Except here, we're making constructive use of FSPL, rather than trying to engineer around it.the following is an excerpt from my blog post on beacon placement:
Determining distance based on triangulation of beacon RSSI is optimal within about 0-4 metres due to the inverse square law of RF propagation. Typically, the calibrated output of the beacons is 0dBm (1mW). They operate in the 2.4GHz band on a 2MHz advertisement channel tucked between Wi-Fi channels 1 and 6, as well as one just past channel 11, and another one just below channel 1.There's also some variability between receiver devices in terms of their sensitivity and even based on internal antenna configuration and how the device is held/oriented, so let's just assume it's +/- 3dB for the purposes of this example because it makes the math simpler.
When the receiving device sees a BLE beacon, it then determines its distance from that beacon based on the RSSI (and uses the beacon's ID to correlate it with the device's placement on the map). When it sees a beacon at -35dBm, it knows it's under a metre away. If it sees it at -55dBm, that could be anywhere between 4 and 8 metres away. So the farther you get from the beacon, the wider that margin of error becomes. Any walls that get between can also add 3dB or more of attenuation depending on the materials used. (just like they do with Wi-Fi, since we're dealing with the same RF frequencies, just at about 1/1000 the power).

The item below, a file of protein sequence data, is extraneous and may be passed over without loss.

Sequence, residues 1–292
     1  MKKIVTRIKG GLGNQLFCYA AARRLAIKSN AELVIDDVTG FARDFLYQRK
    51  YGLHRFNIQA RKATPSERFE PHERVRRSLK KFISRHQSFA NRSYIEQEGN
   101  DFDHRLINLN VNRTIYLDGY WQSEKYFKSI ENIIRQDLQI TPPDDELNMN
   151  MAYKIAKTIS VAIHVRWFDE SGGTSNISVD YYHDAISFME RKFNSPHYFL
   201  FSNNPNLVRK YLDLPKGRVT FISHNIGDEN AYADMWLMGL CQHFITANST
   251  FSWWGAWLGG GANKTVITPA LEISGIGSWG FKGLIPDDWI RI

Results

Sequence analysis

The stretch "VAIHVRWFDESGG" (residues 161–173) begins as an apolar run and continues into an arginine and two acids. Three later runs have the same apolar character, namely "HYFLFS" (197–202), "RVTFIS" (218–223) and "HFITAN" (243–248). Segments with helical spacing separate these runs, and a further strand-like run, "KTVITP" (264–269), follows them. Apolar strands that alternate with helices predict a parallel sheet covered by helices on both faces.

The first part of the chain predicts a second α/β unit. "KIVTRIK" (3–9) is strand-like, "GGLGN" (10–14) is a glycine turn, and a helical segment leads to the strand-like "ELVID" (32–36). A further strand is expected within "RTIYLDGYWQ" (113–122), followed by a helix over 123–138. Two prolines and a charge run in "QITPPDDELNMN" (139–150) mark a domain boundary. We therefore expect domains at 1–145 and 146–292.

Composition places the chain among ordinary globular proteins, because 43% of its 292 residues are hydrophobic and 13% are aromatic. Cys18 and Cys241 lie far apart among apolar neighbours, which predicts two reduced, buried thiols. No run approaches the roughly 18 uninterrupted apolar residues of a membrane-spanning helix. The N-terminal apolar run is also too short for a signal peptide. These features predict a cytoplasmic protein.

Below 1 metre, every time you halve the distance you gain 6dB – so 50cm would be -34dB, 25cm would be -28dB, 12.5cm would be -22dB, and now we're getting really close to the beacon, and it's already lost 99% of the transmitted power. And if you're using an AP as a beacon, don't forget that at typical ceiling height, even standing directly under it, you're already 2.5 metres away.
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